Everyone dreams of having them and they make fantastic pets. Very low maintenance, my dad had some for dinner in Mexico once. What am I talking about? Yep, you guessed it – worms. Now I know it sounds daunting, creating and maintaining your very own worm farm, but it’s totally doable!
First problem – worms – where to get them? Garden shops in the summer, bait and tackle shops any time of year. Also, I think you can order them online. They love to travel.
The basic idea is to teach kids about the importance of composting and how it works and also the value of worms in our ecosystem.
Building your worm ecosystem
First step: cut the top and bottom off a plastic bottle. Tape over the cut parts so there aren’t any sharp edges. Kids can do the rest, but definitely have an adult do the cutting. Second, put the cylinder into a small plant pot.
Filling your worm ecosystem
Begin to layer soil and sand, soil and sand, soil and sand until you have about 1/3 of the bottle left. Next, have the kids grab some grass and leaves from outside and layer that on the very top.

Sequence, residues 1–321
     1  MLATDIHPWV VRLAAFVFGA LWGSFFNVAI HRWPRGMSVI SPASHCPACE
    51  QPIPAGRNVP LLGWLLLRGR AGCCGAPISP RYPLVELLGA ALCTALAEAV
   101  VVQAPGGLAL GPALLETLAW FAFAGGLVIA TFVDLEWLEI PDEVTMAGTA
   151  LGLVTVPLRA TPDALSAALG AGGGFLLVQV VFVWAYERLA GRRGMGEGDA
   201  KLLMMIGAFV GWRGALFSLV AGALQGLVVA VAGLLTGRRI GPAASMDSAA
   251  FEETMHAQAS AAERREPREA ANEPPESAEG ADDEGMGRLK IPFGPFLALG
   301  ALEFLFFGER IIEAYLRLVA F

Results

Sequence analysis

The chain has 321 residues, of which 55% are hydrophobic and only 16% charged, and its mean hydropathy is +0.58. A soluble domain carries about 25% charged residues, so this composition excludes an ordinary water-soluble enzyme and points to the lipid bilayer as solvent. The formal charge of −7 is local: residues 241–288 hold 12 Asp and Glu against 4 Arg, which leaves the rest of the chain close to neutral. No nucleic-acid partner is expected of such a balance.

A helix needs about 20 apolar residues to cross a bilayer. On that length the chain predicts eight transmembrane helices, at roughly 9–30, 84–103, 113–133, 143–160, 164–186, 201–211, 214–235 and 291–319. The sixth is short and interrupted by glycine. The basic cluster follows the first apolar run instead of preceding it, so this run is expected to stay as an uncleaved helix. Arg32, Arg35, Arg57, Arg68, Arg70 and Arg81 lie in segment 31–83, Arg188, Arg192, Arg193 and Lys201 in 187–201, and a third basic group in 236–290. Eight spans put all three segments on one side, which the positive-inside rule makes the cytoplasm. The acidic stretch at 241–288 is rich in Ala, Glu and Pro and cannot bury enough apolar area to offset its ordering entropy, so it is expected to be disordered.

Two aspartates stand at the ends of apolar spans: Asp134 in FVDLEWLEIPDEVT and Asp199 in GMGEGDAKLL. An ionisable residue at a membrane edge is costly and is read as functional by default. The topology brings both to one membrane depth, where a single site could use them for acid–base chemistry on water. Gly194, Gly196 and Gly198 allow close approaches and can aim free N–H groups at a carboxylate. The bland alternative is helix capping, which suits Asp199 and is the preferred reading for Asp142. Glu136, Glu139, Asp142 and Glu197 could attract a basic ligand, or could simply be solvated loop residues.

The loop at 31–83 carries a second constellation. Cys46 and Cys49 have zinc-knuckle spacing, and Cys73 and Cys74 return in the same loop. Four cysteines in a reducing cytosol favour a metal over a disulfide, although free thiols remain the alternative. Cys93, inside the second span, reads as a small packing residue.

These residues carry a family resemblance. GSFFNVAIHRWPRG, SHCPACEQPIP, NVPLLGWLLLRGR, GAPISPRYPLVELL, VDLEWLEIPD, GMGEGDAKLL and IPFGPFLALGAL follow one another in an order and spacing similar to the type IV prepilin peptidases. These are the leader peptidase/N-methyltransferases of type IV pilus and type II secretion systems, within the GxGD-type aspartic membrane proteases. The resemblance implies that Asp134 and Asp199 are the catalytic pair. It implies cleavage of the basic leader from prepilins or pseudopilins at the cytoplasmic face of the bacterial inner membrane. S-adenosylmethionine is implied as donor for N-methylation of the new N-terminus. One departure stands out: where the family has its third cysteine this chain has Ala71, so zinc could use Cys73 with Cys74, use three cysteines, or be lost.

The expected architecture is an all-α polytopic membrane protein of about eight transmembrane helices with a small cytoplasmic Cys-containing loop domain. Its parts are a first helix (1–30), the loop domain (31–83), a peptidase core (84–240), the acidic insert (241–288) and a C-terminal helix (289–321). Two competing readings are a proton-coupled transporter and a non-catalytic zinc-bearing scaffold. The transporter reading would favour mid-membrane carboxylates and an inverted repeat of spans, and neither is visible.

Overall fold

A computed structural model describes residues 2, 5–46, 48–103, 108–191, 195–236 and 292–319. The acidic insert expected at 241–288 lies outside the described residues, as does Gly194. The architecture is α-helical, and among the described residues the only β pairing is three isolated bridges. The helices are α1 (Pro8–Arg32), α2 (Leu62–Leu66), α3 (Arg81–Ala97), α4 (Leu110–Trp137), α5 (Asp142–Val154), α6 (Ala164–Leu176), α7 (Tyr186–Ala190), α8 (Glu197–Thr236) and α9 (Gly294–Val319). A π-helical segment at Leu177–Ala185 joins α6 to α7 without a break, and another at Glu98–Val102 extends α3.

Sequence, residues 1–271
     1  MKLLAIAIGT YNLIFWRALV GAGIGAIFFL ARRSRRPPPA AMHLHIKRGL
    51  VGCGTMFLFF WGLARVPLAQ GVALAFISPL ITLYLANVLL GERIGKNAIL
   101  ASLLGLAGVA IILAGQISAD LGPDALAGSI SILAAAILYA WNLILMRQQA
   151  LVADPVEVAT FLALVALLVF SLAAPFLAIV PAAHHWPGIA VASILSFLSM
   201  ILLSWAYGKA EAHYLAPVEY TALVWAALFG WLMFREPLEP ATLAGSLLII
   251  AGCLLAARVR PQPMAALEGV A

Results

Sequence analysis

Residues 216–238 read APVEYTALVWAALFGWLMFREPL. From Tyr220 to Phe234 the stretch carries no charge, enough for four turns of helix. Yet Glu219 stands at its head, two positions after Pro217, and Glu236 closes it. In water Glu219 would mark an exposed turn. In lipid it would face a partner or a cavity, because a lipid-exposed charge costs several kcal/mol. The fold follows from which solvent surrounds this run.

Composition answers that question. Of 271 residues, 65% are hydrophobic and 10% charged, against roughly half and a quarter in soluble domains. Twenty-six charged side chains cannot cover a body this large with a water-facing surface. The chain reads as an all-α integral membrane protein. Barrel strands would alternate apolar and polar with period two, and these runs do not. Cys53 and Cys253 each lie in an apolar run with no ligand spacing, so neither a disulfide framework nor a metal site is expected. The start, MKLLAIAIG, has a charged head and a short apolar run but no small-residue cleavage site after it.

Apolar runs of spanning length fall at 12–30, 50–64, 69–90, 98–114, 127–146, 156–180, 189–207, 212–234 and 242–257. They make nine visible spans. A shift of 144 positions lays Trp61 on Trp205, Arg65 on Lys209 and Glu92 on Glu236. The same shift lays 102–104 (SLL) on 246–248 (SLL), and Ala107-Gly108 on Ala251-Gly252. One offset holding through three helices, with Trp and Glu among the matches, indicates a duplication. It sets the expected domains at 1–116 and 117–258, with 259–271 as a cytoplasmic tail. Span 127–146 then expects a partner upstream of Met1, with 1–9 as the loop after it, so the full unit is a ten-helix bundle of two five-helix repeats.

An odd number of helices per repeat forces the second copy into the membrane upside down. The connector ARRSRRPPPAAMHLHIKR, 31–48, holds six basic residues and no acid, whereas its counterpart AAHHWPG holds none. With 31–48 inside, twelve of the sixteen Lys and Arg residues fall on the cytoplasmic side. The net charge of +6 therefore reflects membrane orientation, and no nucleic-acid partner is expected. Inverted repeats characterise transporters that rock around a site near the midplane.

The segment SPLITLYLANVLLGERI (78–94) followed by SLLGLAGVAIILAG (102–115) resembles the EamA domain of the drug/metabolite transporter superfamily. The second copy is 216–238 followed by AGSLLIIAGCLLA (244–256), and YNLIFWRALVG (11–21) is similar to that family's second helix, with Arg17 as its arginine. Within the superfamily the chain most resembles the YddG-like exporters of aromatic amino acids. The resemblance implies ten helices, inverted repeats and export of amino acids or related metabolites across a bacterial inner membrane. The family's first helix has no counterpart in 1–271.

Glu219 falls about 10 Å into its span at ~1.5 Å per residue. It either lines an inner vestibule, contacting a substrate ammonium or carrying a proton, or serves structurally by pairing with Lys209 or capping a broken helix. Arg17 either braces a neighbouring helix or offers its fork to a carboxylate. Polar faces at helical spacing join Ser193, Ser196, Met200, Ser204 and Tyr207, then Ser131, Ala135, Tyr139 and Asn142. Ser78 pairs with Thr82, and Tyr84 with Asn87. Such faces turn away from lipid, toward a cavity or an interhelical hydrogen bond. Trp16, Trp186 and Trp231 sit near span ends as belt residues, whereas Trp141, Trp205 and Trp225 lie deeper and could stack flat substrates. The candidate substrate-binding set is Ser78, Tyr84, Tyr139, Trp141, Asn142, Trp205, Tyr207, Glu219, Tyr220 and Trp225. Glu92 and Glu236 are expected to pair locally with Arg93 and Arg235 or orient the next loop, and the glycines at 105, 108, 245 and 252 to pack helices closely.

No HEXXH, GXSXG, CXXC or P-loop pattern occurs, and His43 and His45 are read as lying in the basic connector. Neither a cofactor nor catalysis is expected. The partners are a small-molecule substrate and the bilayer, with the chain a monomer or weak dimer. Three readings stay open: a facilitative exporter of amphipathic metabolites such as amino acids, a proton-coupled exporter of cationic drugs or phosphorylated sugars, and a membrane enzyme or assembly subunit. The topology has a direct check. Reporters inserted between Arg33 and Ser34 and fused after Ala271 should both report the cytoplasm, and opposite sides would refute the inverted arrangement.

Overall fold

Last, have the kids (because I wouldn’t dare touch these) pick up 4-5 worms with wet hands and drop them on top of the grass.
Make a cover for the worm house
Very last, grab a piece of construction paper and tape it into a cylinder that can go over the worm house as a cover. Tape the top of the cylinder closed, leave the bottom open. Ideally, use dark paper.
I had the kids note what they think would happen with the worms. My 5-year-old thought that the worms would expand and my 8-year-old thought they would burrow down.
The plan was to keep the worm house for a week and make observations everyday, but it’s been on our counter for much longer. The kids just can’t bear to see it go. Possibly, because when we first built it the dog got ahold of one of the worms and it was very distressing. Anyhow, you can see how the worms are starting to turn over the soil, bringing the grass and leaves down and the soil upward, as they compost the grass and leaves and turn them into new dirt.
Exciting stuff here, guys!
Credit to Smithsonian Maker Lab Outdoors